Patch Workflows – Git

Thus far, all of the collaboration workflows we’ve seen rely heavily on branches. For example, in the last module, a contributor had to publish an entire branch for us to merge into our project. However, it’s also possible to communicate directly on the commit level using a patch.

A patch file represents a single set of changes (i.e., a commit) that can be applied to any branch, in any order. In this sense, the patch workflow is akin to interactive rebasing, except you can easily share patches with other developers. This kind of communication lessens the importance of a project’s branch structure and gives complete control to the project maintainer (at least with regards to incorporating contributions).

Integrating on the commit level will also give us a deeper understanding of how a Git repository records project history.


If you’ve been following along from the previous module, you already have everything you need. Otherwise, download the zipped Git repositories from the above link, uncompress them, and you’re good to go.

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If you’ve set up a Bitbucket account, you should also run the following commands to configure the downloaded repositories:

cd /path/to/my-git-repo git remote add origin
cd ../marys-repo git remote add origin

  Change the Pink Page (Mary)

We’ll begin by pretending to be Mary again. Mary didn’t like the pink page that John contributed and wants to change it.

cd /path/to/marys-repo git checkout -b pink-page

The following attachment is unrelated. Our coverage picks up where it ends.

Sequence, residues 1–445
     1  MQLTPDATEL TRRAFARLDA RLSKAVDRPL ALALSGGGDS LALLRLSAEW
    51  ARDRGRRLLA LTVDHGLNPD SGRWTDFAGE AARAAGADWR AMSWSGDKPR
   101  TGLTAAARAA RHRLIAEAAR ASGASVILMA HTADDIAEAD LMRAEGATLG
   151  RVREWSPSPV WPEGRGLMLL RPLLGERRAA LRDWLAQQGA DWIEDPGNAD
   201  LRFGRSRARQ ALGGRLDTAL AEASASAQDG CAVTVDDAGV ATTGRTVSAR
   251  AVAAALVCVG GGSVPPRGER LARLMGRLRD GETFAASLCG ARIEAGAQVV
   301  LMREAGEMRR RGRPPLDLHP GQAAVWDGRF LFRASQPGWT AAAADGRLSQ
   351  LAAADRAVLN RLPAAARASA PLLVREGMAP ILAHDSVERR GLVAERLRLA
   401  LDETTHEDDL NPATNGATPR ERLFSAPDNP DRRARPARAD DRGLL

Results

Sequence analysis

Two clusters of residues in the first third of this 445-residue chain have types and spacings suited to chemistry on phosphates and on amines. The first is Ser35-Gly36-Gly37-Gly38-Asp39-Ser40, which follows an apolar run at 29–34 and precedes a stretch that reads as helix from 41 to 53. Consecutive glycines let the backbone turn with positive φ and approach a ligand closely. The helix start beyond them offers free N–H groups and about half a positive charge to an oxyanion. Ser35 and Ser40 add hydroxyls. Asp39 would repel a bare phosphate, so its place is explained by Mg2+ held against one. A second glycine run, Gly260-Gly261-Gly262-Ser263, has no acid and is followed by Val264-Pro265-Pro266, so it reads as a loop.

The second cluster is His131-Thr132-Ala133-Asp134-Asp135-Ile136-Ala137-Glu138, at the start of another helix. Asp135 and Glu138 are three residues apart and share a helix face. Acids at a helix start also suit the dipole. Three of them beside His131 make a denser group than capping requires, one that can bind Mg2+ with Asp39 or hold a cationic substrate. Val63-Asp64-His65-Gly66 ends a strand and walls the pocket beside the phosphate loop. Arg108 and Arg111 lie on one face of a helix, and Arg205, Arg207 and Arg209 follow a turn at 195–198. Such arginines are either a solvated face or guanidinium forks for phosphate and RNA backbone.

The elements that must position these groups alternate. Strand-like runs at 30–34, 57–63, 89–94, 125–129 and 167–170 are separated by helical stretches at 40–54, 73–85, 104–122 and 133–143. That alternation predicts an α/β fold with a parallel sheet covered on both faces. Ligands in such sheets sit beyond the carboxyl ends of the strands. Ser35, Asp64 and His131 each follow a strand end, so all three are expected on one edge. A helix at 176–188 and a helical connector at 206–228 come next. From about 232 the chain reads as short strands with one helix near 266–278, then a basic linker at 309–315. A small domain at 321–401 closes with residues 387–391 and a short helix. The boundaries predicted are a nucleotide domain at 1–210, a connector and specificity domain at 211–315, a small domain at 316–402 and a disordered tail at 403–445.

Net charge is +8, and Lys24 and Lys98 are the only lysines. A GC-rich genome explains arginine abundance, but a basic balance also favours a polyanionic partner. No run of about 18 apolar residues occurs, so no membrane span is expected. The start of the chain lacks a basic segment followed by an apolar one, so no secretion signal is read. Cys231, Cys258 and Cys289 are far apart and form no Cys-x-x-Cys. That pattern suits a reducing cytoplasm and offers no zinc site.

Developing in a new branch not only gives Mary an isolated environment, it also makes it easier to create a series of patches once she’s done editing the pink page. Find these lines in pink.html:

and change them to the following.

Stage and commit the update as normal.

Note that Mary’s local development process doesn’t change at all. Patches—like the integrator and centralized  workflows—are merely a way to share changes amongst developers. It has little effect on the core Git concepts introduced in the first portion of this tutorial.

Create a Patch (Mary)

Mary can create a patch from the new commit using the git format?patch command.

git format-patch master

This creates a file called 0001-Change-pink-to-a-manly-color.patch that contains enough information to re-create the commit from the last step. The master parameter tells Git to generate patches for every commit in the current branch that’s missing from master.

Open up the patch file in a text editor. As shown by the addresses in the top of the file, it’s actually a complete email. This makes it incredibly easy to send patches to other developer. Further down, you should see the following.

This unique formatting is called a diff, because it shows the difference between two versions of a file. In our case, it tells us what happened to the pink.html file between the 98e10a1 and 828dd1a commits (your patch will contain different commit ID’s). The -7,8 +7,7 portion describes the lines affected in the respective versions of the file, and the rest of the text shows us the content that has been changed. The lines beginning with – have been deleted in the new version, and the line starting with + has been added.

While you don’t have to know the ins-and-outs of diffs to make use of patches, you do need to understand that a single patch file represents a complete commit. And, since it’s a normal file (and also an email), it’s much easier to pass around than a Git branch.

Delete the patch file for now (we’ll re-create it later).

Hi @azharmrd,

Thanks for being part of the GitHub Community Forum! We’re glad you’re here.

This seems to be copied and pasted content from a tutorial. Is there a specific question or something else that you’d like feedback on from the community?